Dietland by Sarai Walker - Plum Kettle (hey, unroll your eyes, that's her name)spends her entire life self-loathing her own plus-size body
All of Jean Rhys' novels except Wide Sargasso Sea - the variously named alcoholic heroines all of whom are Jean, spend their allotted few months in each book totally hating themselves and pretty  much everything else (the curtains, the breakfast egg, etc.)
 The Piano Teacher by Elfriede Jelinek - the gold standard of female self-loathing against which all other self-loathers are to be judged. Erica Kohut spends her entire waking moments hating herself and everything else to such a level of frenzy that the women in the above-mentioned books would only look on in envy and loathe themselves a little bit more because they couldn't quite get to the level of loathingness Erica Kohut achieves with seeming ease.

Thursday, May 19, 2016

That Awful Mess on the Via MerulanaThat Awful Mess on the Via Merulana by Carlo Emilio Gadda
My rating: 5 of 5 stars

Baroque, ornate, dense, tangled, funny, brilliant unfinished 400-page rant from Carlo Emilio Gadda which
  Carlo Emilio Gadda
thwarts logical conclusions and forces the reader to go along for the ride in the many-layered, stinky, cacaphony of corruption and magic depicted as 1927 Rome. Ostensibly a detective novel, there's a theft, a murder, and a host of descriptions of Mussolini-era Italy including the memorable references to Il Doochay as "Death's Head," or "Fierce Face," or the Shit...the syphilitic Swaggerer." But the investigation is incomplete, derailed like the train in one scene, and the tale ends inconclusively, indeed an inventive "mess."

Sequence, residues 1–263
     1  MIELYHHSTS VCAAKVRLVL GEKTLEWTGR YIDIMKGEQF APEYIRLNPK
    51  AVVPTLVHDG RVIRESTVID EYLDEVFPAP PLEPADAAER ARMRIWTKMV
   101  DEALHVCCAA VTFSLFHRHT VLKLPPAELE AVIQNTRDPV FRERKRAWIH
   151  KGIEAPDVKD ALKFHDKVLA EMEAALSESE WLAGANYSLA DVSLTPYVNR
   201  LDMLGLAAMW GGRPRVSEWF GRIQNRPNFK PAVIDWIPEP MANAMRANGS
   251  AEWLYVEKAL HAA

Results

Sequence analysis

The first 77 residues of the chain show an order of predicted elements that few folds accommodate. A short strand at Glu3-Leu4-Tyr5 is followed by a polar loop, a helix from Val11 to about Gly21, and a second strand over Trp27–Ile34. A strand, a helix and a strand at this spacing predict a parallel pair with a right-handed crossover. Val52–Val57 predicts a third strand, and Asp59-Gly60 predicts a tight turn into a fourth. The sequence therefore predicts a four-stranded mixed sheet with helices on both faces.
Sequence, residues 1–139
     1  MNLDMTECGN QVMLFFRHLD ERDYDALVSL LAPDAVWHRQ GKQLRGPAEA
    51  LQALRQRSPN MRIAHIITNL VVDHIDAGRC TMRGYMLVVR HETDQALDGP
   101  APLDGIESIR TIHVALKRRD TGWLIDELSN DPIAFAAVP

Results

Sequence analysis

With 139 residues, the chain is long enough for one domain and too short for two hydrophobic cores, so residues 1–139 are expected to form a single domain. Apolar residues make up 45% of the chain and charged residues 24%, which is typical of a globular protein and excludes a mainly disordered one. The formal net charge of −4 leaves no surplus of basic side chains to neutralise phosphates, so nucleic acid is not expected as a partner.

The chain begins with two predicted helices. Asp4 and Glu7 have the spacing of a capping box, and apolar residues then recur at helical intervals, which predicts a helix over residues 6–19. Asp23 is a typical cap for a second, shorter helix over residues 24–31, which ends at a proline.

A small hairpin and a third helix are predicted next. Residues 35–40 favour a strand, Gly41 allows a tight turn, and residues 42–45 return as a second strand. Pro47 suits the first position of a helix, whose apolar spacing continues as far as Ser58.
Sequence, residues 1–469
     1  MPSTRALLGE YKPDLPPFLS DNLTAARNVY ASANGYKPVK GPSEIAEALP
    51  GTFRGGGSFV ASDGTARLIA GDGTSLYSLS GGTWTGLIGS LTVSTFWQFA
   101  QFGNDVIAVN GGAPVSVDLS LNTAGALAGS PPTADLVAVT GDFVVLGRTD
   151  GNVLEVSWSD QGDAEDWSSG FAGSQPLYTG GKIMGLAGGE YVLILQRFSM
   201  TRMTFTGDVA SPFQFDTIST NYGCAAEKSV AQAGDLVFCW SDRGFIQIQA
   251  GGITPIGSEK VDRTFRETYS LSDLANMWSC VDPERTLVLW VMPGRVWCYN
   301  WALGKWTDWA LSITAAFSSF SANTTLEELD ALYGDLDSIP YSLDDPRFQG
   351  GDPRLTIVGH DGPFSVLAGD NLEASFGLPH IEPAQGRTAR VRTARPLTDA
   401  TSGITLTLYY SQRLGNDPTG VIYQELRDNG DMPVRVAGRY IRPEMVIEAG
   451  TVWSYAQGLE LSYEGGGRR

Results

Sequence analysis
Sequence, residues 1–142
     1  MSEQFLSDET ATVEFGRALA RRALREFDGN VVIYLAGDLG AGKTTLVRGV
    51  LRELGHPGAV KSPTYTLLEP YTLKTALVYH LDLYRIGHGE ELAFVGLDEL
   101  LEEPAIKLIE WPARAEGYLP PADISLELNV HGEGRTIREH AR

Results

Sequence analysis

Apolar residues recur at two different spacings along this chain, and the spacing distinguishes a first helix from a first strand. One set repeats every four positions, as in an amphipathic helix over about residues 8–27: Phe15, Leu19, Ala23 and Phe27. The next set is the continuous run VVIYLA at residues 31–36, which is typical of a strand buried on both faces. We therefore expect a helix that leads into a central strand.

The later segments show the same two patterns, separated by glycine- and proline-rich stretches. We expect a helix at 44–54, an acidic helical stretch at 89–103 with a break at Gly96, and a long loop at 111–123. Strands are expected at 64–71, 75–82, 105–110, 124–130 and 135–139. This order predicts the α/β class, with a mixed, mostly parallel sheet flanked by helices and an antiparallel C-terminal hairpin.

The book club discussion was lively and mostly enthusiastic. One member, Dani, even produced a fantastic glossary of the book's elaborate vocabulary.
William Weaver's translation was masterful in dealing with Gadda's imaginative vocabulary, made-up words, puns and double-meanings.

View all my reviews

Books - "Unalloyed, summer had lingered miraculously into 
late September without a suggestion that autumn 
was at hand." Mark Shorer, 1938, "Boy in the Summer Sun"